From Pine View Farm

Nero Imperator 0

Josh Marshall today looked at delusion now growing among certain segments of the population that opponents of the War in Iraq have somehow “lost the war.”

. . . As the dead-ender right’s plans and dreams about Iraq come under greater and greater strain from the alternative universe of reality, and as the president’s popularity wanes further and further, there’s a growing tendency for them to think about and write about domestic American politics in terms of violence and extra-constitutional action.

A minor example of this I noticed just yesterday on the Powerline Blog, where Sen. Schumer’s (D-NY) call to remove the “presumption of confirmation” from President Bush’s court appointments a “coup”. “Is This a coup? If not, what is it?” ran the headline to the post.

As the war for faux-democracy looks more and more like a debacle, the lure of authoritarianism at home becomes greater and greater for the war’s dead-end defenders. And as redeployment looks more and more likely, they have to keep raising the stakes on the consequences of doing so. Apparently our whole future, our honor, destiny, certainly our safety from the Iraqi insurgents who will restart the insurgency in the US — all of this is in the balance. The stakes must keep rising because that is, paradoxically, the only way for them to avoid taking responsibility for their failures. And cowardice that militant, in a faction within the body politic, is dangerous for the rest of us.

And in an interview today, Thomas Ricks, Washington Post reporter and author of Fiasco, remarked on the same phenomenon.

(According to the website, audio of the interview will be available around 6 p. m. today. It was a wide-ranging discussion including interesting phone calls from several veterans of the Wars in Iraq.)

After Washington Post reporter Tom Ricks published an account of the Iraq war last year, his inbox began overflowing with emails from men and women in the service. With new insight about the conditions on the ground, Ricks updated his book, Fiasco: The American Military Adventure in Iraq.

Of course, the War in Iraq is lost.

And the persons who lost it? The Current Federal Administration.

It was a war that was not provoked from without, but rather, one that was marketed to the American people like a tube of toothpaste infused with antifreeze, corrupt from its inception.

And not one of the sliding scale of goals that the Current Federal Administration has announced over the years, as the effort slipped deeper into chaos and bloodshed, will be achieved, whatever the military outcome of the war.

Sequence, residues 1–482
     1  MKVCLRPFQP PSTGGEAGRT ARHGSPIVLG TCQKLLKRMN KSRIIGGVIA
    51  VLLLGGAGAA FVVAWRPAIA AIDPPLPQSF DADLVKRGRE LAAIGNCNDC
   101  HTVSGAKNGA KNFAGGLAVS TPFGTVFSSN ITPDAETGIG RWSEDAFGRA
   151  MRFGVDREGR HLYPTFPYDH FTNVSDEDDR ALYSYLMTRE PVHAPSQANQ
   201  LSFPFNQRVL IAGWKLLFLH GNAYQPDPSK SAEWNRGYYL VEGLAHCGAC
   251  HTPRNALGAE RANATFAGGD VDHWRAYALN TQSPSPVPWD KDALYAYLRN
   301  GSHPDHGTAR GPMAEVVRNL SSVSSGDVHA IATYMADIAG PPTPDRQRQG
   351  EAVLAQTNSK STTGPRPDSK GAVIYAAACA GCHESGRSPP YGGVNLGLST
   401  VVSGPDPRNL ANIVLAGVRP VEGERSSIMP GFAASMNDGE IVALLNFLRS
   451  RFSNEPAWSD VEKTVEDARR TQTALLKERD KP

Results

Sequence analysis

And a war that achieves none of its goals is, ipso facto, lost.

The initial goal, the sales slogan, as it were, of finding weapons of mass destruction could not be achieved because there were no weapons of mass destruction (and remember how the Current Federal Administration rushed the deadlines for inspection as it became clearer and clearer that the weapons inspectors would find no weapons to inspect?)

And when that slogan proved hollow, a new slogan, “Bringing Democracy to the Middle East,” was run up the flagpole (while at the same time the Current Federal Administration attacks democracy at home.)

And it just hung limply there. Despite the Current Federal Administrator’s rhetoric, there is no “young democracy” growing in Iraq. A thousand flowers did not bloom.

There is an administration whose authority is limited to the Green Zone, which is incapable of taking action, which would not exist and cannot continue exist without force of American arms, while at the same time it defies its protectors.

So now the marketing slogan is “bring stability to the Middle East.”

So how did the Current Federal Administration lose the war?

They started it with lies. It was likely doomed from the start because of that.

Then they threw lie after lie at it.

They pursued it incompetently, making policy decisions based on their ideas of how the world should be, rather than how the world is. Perhaps the best example of this was their belief that, when Saddam Hussein toppled, American style democracy (which they undermine here) would just spring, full-blown, out of the desert soil, like Venus from the mind of Zeus.

So what did happen? War, war, and more war. And as the war deepened, Imperator fiddled about, playing the same tune over and over on his violin: “Stay the course. Stay the course.”

Any suggestions to change the course were disregarded.

And now his ship of state, our state, is trapped in the ice.

It is the captain that wrecked this ship, by steering it in the fog–the fog of his and his cohorts delusions–and by disregarding the advice of those who saw clearly.

There is no blame to those who knew from the beginning he charted the wrong course, or even from those who recognized later on during the voyage that the heading was wrong.

Only the hypocrisy–or perhaps it is the broken dreams–of what Mr. Marshall refers to as the “Dead Enders” prevents them from seeing that.


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